KRASNAYA POLYANA, Russia – David Wise says he holds it down for the “rad dad” club as an action sports athlete with a wife and daughter.
He joined another movement by winning the first Olympic halfpipe skiing title Tuesday, one that’s keeping the U.S. among the most successful nations into the second week of the Winter Games.
Wise’s 92-point run amid fat, falling snowflakes marked the U.S. Olympic Team’s 20th medal, matching it with the Netherlands’ speed skating teams for the overall lead.
Half of those medals have come from athletes in Winter X Games disciplines, including both American podium finishers Tuesday. Earlier, Alex Deibold won a surprise snowboard cross bronze, extending the U.S.’ hopes of winning a medal on every night of these Games.
Wise’s gold was special in many ways, but he put in this perspective: Wise came to Sochi as the three-time reigning Winter X Games champion and the reigning world champion. Other Olympians under similar circumstances have not fared so well – Shaun White, Hannah Kearney and Kelly Clark at this same Rosa Khutor Extreme Park, to name a few.
“I’ve been watching a lot of favorites lose this Olympics,” Wise, 23, said with the Stars and Stripes draped over his back, “so being part of the whole Olympic experience and seeing how much pressure it can be and how you have to perform regardless of the conditions or how you’re feeling that day, etcetera. It’s kind of sobering, to say the least.
Wise’s winning set of tricks – which he called a watered-down “C” run due to falling snow for the first time at these Winter Olympics – included two double corks. It was still enough to beat silver medalist Mike Riddle of Canada and bronze medalist Kevin Rolland of France.
Wise skied on the same pipe that foiled White and Clark. He prevailed with inspiration on a stick, in his pocket and back home, in The Biggest Little City in the World.
A Stick: Several friends and family members cheered Wise on from the finish area, but the group lacked Wise’s 2-year-old daughter Nayli. Wise’s wife, Lexi, and daughter were able to travel with Wise all season, but Lexi stayed home in Reno, Nev., with grandma, nana and papi this time.
The next best thing, it was decided, was to put her head on a stick, as seen below:
My cousin’s 2-year old daughter made it here in spirit via face on a Popsicle stick. Go @mrDavidWise! pic.twitter.com/hnMRE7WGmm
— Mike Wise (@MikeWiseguy) February 18, 2014
“To see that looking up at me from the bottom of the halfpipe was really cool,” he said.
The words “David” and “Wise” usually adorn the cheeks of Lexi, too, but she made a change for the Olympics. She opted for “Go” and “World.” It’s not an advertisement for Visa.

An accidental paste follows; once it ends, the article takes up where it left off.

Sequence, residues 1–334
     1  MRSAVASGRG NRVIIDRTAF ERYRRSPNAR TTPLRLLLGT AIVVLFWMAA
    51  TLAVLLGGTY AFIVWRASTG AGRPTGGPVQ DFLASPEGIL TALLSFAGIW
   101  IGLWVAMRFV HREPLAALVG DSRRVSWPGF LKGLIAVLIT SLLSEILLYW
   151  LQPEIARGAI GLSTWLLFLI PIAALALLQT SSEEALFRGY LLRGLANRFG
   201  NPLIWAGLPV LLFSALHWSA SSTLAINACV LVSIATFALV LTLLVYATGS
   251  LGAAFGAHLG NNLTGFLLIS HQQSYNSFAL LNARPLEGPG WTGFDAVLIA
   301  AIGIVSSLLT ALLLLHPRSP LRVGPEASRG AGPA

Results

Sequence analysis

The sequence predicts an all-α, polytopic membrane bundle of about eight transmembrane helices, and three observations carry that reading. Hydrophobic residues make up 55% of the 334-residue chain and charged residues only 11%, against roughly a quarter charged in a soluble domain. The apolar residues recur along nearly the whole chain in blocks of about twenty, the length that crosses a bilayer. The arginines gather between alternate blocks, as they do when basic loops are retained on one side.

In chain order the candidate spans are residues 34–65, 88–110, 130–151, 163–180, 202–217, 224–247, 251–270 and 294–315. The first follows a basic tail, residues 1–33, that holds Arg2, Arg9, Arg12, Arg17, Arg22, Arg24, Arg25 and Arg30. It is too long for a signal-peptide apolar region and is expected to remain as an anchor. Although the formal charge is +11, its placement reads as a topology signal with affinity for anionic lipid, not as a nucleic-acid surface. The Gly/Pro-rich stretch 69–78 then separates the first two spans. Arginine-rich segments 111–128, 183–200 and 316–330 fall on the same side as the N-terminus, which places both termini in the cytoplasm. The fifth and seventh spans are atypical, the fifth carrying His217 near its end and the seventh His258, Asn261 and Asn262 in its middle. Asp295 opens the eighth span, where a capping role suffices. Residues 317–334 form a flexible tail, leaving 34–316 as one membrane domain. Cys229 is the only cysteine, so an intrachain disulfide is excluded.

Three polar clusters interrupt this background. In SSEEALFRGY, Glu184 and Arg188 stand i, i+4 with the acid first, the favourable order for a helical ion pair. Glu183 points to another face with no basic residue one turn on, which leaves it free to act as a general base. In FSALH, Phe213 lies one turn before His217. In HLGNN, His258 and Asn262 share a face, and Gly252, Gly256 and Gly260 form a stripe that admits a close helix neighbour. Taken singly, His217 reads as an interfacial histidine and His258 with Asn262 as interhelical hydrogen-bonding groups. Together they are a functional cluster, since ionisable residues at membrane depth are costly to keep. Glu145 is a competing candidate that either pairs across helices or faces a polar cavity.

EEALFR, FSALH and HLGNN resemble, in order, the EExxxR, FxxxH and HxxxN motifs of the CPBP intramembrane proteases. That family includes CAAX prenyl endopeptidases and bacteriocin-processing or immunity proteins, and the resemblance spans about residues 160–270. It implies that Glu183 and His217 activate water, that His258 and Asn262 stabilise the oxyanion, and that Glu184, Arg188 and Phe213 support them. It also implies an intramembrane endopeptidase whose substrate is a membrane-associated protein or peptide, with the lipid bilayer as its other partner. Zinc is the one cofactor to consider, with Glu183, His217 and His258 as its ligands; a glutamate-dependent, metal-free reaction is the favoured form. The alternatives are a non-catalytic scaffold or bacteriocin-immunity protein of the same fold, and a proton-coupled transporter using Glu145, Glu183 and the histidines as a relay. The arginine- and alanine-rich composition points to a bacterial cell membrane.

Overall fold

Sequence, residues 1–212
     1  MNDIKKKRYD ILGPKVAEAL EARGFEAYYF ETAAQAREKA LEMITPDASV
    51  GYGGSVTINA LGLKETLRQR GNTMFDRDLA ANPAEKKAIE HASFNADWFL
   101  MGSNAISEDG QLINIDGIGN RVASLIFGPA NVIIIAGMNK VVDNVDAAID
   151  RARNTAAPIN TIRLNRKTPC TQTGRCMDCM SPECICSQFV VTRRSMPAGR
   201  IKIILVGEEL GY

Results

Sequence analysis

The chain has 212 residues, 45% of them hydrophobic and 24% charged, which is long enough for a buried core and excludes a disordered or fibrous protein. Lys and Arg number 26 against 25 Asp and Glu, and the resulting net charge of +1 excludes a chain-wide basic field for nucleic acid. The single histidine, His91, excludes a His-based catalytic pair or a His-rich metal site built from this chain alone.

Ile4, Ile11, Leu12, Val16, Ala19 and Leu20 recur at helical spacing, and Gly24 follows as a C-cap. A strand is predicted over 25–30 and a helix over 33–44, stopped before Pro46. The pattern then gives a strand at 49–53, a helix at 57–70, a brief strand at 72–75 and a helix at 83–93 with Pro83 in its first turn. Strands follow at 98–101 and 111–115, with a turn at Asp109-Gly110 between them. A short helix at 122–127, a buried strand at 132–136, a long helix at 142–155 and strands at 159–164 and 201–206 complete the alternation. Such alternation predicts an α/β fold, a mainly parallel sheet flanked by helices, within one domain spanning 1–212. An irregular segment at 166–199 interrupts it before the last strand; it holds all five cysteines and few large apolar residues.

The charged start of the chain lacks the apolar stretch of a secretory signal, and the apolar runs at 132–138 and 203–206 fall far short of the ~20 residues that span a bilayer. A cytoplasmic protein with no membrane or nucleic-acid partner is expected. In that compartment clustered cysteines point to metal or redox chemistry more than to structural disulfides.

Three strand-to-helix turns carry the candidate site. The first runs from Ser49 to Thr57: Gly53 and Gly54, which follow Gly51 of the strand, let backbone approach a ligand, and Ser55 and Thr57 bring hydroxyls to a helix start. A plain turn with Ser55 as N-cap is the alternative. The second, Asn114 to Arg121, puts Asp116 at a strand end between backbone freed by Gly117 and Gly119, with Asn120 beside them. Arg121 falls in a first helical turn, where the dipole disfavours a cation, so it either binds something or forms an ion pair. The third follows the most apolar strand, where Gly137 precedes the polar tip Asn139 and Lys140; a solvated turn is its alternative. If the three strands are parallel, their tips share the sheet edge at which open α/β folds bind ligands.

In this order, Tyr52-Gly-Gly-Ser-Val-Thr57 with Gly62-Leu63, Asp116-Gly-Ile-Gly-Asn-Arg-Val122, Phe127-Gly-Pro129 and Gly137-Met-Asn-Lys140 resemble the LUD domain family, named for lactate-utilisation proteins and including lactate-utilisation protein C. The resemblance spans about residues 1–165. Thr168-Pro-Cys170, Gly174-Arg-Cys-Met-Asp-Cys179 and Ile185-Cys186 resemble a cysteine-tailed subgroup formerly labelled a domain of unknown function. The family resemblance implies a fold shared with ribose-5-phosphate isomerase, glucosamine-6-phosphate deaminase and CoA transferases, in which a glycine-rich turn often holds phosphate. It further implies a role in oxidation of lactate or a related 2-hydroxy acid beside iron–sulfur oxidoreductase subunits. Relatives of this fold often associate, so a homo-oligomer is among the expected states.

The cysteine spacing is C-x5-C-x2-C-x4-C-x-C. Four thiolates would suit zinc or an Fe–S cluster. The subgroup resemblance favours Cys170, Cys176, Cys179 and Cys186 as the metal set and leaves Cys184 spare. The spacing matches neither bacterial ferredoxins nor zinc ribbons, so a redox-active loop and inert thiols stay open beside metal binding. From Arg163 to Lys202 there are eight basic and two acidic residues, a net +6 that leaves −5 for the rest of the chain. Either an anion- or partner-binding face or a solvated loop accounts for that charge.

“The Olympics, to me, it just represents hope, and it represents peace,” Lexi said. “It gives us something to believe in as a world, as a globe.”
His Pocket: Wise has a tradition of collecting heart-shaped rocks when he travels as gifts for Lexi.
She returned the favor in Sochi, passing him a rock from Reno through a friend before the competition Tuesday.
He placed it in the pocket of his ski pants, zipped them up and went down the pipe four times in competition with “a little piece of home” along for the ride.
Back Home: John McKendricks, pastor at Valley View Christian Fellowship in South Reno, watched one of his congregation’s youth directors win gold on his church office computer.
If he tuned in early enough, he could have heard the stadium announcer introduce Wise as a “father, husband and philanthropist.”
McKendricks knows better than anyone how selfless Wise is, having witnessed both Wises help junior high and high school kids overcome drug abuse and depression the last five years. David and Lexi first met at a church camp.
Wise has aspirations to be a pastor, and he and his wife currently lead a group of about 30 teenagers. It’s called the Tribe.
Wise spent two or three nights a week with them, before the busy Olympics run-up, and took them to conferences, on hiking trips and to amusement parks.
“David is one of those rare people with intellect, ability and personality,” said McKendricks, who gave the avid reader Wise the book, “God As Love,” about Russian theology, before his trip to Sochi. “David likes to be an example. He’s a nurturer.”
He said Wise has remained humble despite growing into an action sports star.
For all the hard work Wise puts in training, “he’s just as likely to enter a Big Gulp Slurpee drinking contest with a 13-year-old,” McKendricks said.
Wise plans to take his prize money from the U.S. Olympic Committee, typically $25,000 for a gold medal, and put 10 percent of it into Clean Water Project, his non-profit fund to provide clean drinking water to Malawi.
“Life is not just about your skiing,” Wise said.
But it primarily was for a few sleet-splashed hours Tuesday. Wise prevailed under the pressure of a heavy favorite. Now, he can bring home that rock and a gold medal for his daughter and his youth group to see.
“I came at it with the approach like, hey, I’m as accomplished as I need to be already,” Wise said. “So I just get to go out and put on a show.”